The fantastical power of the printing press

Jamie Whyte
WHEN I was nine years old I learned that money is created by the central bank. This gave me a brilliant idea. Why not print up millions for everyone in the country and then we would all be rich.

My father put me straight. He explained that money is not in itself wealth. Printing more money would create no more food or cars or houses or anything else. It would merely increase the amount of money we would need to swap for anything we wanted.

If I am insulting your intelligence with this lesson, I am sorry. But people who ought to know better – people who are well over nine years old and supposed economic experts – appear to labour under my childish confounding of money and wealth.

The BBC’s business editor Robert Peston last Wednesday called for the European Central Bank (ECB) to lend money to governments that are unlikely to repay their debts. This is a good idea, he claimed, because the ECB is the only European institution “capable of creating unlimited resources”. On Sunday, Vince Cable, the business secretary, agreed with him. Cable claimed that the ECB “has to have unlimited powers to intervene to support economies”. Only Germany’s reluctance to unleash the ECB’s printing press prevents this unlimited power from being deployed. Peston and Cable are dangerously deluded.

Suppose the ECB took their advice and printed a trillion euros, bought most Italian government debt and told the Italians that they need not honour it – or at least not all of it, which is what would happen if the ECB took on Cable’s recommended role as “lender of last resort” to governments. This gift could be given at no cost to the ECB; “printing money” nowadays just means electronically crediting people’s bank accounts.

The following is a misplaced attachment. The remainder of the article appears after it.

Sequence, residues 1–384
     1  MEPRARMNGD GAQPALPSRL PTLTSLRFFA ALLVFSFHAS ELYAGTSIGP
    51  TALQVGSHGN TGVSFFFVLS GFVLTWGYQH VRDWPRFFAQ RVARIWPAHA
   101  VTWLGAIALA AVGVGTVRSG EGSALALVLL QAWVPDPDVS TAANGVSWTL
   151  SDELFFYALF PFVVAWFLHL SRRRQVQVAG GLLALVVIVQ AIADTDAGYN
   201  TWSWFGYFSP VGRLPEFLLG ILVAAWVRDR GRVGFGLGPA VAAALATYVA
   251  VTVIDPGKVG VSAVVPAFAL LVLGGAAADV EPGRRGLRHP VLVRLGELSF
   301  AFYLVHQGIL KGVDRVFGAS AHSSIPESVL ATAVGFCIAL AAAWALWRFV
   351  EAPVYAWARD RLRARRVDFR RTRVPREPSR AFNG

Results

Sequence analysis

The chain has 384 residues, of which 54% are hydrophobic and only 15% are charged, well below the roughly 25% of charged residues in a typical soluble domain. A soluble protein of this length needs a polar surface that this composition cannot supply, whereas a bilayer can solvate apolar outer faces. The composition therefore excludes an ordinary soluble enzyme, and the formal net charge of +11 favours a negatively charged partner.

But the first lesson of economics is that there is no such thing as a free lunch. Someone must bear the cost of this gift to the Italian government and its creditors. In this case, the lunch is paid for by those holding euros. By issuing a trillion new euros, the ECB would dilute the value of the euros already in circulation.

Far from creating new resources when it creates money, the ECB merely transfers wealth from people with euros to people with debts denominated in euros. Bailing out over-indebted sovereigns with freshly printed euros is no different from bailing them out with funds raised by a tax on cash and bank deposits.

If Peston and Cable realised that when central banks create money they do not create wealth but merely tax those holding money, they could not think the power unlimited. Not only can you never raise more from taxation than already exists but the attempt to get anywhere near this absolute limit always has ruinous economic consequences. With this kind of tax on money, people become desperate to replace money with consumables and real assets, ultimately substituting the taxed currency with an alternative currency or with barter. At which point the central bank’s power to tax vanishes.

The Germans know this from bitter experience. We should be grateful for their influence on Eurozone policy. By contrast, the remedies proposed by Peston, Cable and all the other economic children who fantasise about unlimited powers to conjure up resources from central banks’ printing presses threaten Europe with economic calamity.

Jamie Whyte is a senior fellow of the Cobden Centre and author of Crimes Against Logic (McGraw Hill 2004).